Words On Birds by Steve Grinley
Winter Finches and Ocean Birds Highlight Season
December 08, 2012
By Steve Grinley
The winter finch invasion continues, as redpolls have shown up at feeders in Newbury and Merrimac. There have been scattered reports of evening grosbeaks at feeders as well. White-winged and red crossbills continue to be seen in good numbers feeding on pine cones on Plum Island and at the Salisbury Beach State Reservation.
A fellow birder brought in photos he took from inside his car at Salisbury. The crossbills were all over his freshly washed black car, perched on the windshield wipers and on his sunroof, apparently pecking at something – maybe their reflections, or, perhaps, the reflections of nearby pines.
Another birder told me about taking pictures of the crossbills that were feeding on the ground under the pine trees. He was on the ground taking pictures when one of the crossbills came right up to him. The bird put his bill under one of his fingers to get a seed and proceeded to walk under his other arm! These birds of the boreal forests have no fear of humans! I haven’t heard of any crossbills at feeders yet, but as the local natural food supply dwindles, they may start showing up in backyards as the winter season progresses.
Other activity at the feeders includes the smaller red-breasted nuthatches that have had an invasion of their own. They are often seen feeding with the crossbills, chickadees and titmice in the pines, but they are also frequenting sunflower and suet feeders to supplement their diet. Up to twenty tree sparrows have appeared at the store feeders and juncos are also at area feeders.
This is also the time of year when the ocean plays host to numerous waterfowl. The winter sea ducks are arriving with large numbers of common eiders and all three species of scoters rafting off the Salisbury and Plum Island. Long-tailed ducks and red-breasted mergansers are also present in good numbers. An occasional scaup or bufflehead may also be in the mix.
Also evident are the large numbers of common and red-throated loons that are migrating down from the lakes of Canada and northern New England. In the last couple of weeks, the red-throated loons have far out-numbered the common loons, with as many as forty to fifty loons visible at one time. Many of these birds will stay the winter in the open salt water. It is always cool when we hear the eerie call of a common loon from off the ocean in the middle of winter!
Fewer in numbers, but still well represented, are the grebes. Red-necked and the smaller horned grebes are often close to shore, riding the breakers off the Newbury town beach or south along the Parker River Wildlife Refuge coast. It is always fun to see a “feeding frenzy,” when a school of small fish is discovered by a few gulls. Soon, more gulls arrive and are joined by loons, grebes, cormorants, mergansers, and even some razorbills. It usually only lasts a few minutes, only to be repeated hundreds of yards away a while later.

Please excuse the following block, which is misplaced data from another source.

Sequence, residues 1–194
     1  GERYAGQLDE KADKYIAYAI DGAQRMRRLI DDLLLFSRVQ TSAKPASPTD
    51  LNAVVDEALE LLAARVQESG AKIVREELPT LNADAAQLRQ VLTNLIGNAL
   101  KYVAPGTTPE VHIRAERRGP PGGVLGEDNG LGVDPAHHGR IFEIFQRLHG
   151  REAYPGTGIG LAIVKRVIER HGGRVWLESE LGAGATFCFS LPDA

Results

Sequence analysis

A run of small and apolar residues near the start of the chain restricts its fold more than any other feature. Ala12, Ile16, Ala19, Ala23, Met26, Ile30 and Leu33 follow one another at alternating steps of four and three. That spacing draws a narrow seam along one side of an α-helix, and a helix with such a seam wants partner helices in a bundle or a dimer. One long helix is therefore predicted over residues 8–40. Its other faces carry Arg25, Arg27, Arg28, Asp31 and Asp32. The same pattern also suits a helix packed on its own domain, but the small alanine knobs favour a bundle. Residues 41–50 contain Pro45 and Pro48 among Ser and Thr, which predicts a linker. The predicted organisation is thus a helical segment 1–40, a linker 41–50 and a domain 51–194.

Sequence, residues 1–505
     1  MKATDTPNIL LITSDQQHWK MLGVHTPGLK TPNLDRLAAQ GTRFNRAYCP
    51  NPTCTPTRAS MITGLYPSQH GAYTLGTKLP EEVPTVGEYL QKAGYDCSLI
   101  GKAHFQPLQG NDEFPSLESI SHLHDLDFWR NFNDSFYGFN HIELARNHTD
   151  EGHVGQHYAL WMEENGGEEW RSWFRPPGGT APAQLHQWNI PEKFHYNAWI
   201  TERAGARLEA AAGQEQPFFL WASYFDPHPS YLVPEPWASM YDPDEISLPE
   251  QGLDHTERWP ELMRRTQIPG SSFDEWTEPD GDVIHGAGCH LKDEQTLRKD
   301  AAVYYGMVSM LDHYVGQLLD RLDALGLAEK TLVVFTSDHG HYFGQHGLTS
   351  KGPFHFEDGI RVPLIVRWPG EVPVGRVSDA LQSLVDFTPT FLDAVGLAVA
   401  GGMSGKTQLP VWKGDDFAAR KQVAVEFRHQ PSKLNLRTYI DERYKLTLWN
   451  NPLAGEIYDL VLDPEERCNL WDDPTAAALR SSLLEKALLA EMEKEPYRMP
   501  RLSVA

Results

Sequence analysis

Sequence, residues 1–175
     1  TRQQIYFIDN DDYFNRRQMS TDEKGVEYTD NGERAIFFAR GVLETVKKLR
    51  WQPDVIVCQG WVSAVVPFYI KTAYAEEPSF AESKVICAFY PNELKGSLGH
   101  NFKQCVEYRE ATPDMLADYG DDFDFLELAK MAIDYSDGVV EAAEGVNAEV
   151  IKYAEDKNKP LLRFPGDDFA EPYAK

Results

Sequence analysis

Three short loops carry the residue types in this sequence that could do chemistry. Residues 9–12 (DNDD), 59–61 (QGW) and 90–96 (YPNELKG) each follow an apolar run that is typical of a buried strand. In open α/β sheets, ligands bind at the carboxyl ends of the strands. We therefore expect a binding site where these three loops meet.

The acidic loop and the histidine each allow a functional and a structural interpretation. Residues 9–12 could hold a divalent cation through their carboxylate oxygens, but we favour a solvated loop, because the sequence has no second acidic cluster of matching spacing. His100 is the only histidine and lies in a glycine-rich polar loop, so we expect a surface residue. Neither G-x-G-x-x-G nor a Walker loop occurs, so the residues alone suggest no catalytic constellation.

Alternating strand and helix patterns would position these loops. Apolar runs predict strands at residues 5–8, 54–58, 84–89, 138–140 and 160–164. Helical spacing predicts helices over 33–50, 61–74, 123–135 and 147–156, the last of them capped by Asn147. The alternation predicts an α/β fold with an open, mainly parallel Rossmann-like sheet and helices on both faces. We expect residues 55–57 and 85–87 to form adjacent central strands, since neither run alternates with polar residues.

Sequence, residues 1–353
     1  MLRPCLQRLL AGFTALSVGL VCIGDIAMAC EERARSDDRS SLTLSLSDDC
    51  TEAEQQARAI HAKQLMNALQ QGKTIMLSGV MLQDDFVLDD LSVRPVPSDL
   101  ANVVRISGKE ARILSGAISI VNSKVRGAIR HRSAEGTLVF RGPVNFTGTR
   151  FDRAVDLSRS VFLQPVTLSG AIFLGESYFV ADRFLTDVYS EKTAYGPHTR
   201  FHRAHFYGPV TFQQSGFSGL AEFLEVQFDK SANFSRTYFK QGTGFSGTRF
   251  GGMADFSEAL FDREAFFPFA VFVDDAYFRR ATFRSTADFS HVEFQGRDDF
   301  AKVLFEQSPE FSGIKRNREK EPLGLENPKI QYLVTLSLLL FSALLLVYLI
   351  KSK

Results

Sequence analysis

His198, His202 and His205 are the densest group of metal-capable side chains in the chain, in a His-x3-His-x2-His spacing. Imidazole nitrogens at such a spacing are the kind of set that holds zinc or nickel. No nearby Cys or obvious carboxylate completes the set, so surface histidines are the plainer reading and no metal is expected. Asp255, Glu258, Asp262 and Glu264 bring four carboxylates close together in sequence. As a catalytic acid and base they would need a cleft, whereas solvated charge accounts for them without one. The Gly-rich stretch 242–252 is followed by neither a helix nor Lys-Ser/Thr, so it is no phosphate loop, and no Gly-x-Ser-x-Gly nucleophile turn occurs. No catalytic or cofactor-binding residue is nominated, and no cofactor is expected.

The latest excitement has been the appearance of rare western grebes off of Plum Island. About ten days ago, a report of 2 western grebes appeared on the e-bird data base. Not knowing the observers who reported them, I was skeptical of the report. One is rare in New England, but more than one, although possible, seemed improbable. But that, along with a report of a possible Arctic loon by a credible birder, prompted Margo and I to spend sometime watching the ocean.
On that day, the temperature was chilling, the wind was brisk and the ocean swells were great. Watching birds on the ocean was a challenge, at best. Still, we enjoyed seeing rafts of razorbills, plus all the loons, grebes, and ducks that occasionally bobbed above the surface. Then I spotted a large grebe in my scope – a western grebe! We watched it off and on for a couple of hours. At times it would dive and we wouldn’t see it for up to twenty minutes, only to rediscover it hundreds of feet away. We had called others about the sighting and we waited in the cold long enough for others to come and see it.
Since that day, one, two, and sometime four western grebes have been seen off the northern half of Plum Island. A pair has been seen regularly for the past week. These two seem to stay together. Who knows, maybe they are pioneers , looking to establish a wintering population of western grebes the east coast! If that happens, will we need to change their name?
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